In their joint amicus brief supporting the Golden Gate Restaurant Association’s call for a full 9th U.S. Circuit Court of Appeals review (See SF Restaurant Group Asks for 9th Circuit Rehearing ), ERIC and the NBGH made the following arguments:
- The San Francisco “play-or-pay” ordinance violates the Employee Retirement Income Security Act (ERISA) on which employers depend to voluntarily provide high-quality, affordable health benefits to their workers and dependents.
- If allowed to stand the case would permit not only San Francisco, but thousands of other municipalities as well as states to pass a patchwork of conflicting health laws with which multistate employers would find it impossible to comply.
- The San Francisco “play-or-pay” ordinance is likely to increase health care costs for workers and businesses and threaten the ability of employers to provide an affordable benefit.
- The San Francisco “play-or-pay”‘ ordinance conflicts with a January 2007 4th U.S. Circuit Court of Appeals decision that Maryland’s so-called ‘Wal-Mart’ law violated ERISA (See Judge: ERISA Trumps MD ‘Wal-Mart’ Health Care Law ).
Likewise, the ABC, in its amicus brief, said an en banc review is warranted because the 9 th Circuit’s previous decision cannot be reconciled with Supreme Court precedent and it creates a clear division between the federal appellate courts. The Council accused the appellate court of misunderstanding the 4 th Circuit’s previous decision on a Maryland health care law and not recognizing that the San Francisco ordinance creates an ERISA welfare plan and is therefore preempted by the federal law.
Finally, ABC contended in its brief that the 9 th Circuit’s previous decision “undermines Congress’ intent to embrace preemption to promote the efficient operation of multi-state health plans.”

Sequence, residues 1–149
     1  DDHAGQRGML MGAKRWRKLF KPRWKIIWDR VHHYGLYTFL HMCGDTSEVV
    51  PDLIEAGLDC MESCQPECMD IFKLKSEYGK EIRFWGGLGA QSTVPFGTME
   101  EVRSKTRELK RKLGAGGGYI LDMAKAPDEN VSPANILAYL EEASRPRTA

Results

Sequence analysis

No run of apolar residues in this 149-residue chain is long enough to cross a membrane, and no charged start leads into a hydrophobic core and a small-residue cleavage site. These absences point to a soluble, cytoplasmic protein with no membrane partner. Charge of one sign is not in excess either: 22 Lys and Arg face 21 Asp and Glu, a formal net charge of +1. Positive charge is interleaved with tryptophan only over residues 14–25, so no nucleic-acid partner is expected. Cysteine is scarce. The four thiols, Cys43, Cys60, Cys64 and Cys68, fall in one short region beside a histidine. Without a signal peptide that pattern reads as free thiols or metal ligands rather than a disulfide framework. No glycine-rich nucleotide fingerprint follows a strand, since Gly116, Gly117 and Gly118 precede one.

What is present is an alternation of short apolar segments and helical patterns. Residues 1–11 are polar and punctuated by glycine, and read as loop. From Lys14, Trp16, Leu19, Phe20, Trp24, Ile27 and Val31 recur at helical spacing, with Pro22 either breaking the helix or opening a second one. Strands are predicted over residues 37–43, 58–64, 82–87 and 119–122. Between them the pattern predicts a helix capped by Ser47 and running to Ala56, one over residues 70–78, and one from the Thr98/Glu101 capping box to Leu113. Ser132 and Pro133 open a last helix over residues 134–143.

The Council’s brief is here .
According to a news report from BNA, the U.S. Department of Labor argued in its amicus brief that the three-judge 9 th Circuit panel's previous decision in Golden Gate Restaurant Association v. San Francisco inadequately addressed 9 th Circuit precedents and mischaracterized the secretary of labor's position.
The DoL said the panel viewed the secretary as arguing that the San Francisco law's city-payment option is itself an ERISA plan; however, according to the Department the Secretary never made this argument, but argued that when an employer chooses that option, the employer establishes an ERISA plan in the same way that an employer's payment to an insurer establishes a plan based on the 9th Circuit's previous ruling in Qualls v. Blue Cross of California.
The panel did not address the Qualls ruling which conflicted with its ruling in the San Francisco case, the DoL said, according to BNA.
The DoL also argued in its brief that the panel failed to apply the U.S. Supreme Court's test for determining when a state law interferes with uniform plan administration requiring an assessment of the potential for conflict if other state or local governments enact similar laws, as well as an assessment of the potential burdens the state law will place on employers in their capacity as plan sponsors. The Department pointed out that the secretary took the position that permitting San Francisco to enforce the health care spending requirements would create an "obvious potential for conflict with pay-or-play laws that other jurisdictions have enacted or have considered," and impose an impermissible burden on plan sponsors.
"Even if the administrative burden imposed by a single law may be tolerable, the cumulative burden could be staggering and runs directly counter to ERISA's goal of encouraging employers, who may operate nationally, voluntarily to provide uniform employee benefits under the legal framework provided by a federal scheme with intentionally broad preemptive force," the brief said, according to BNA.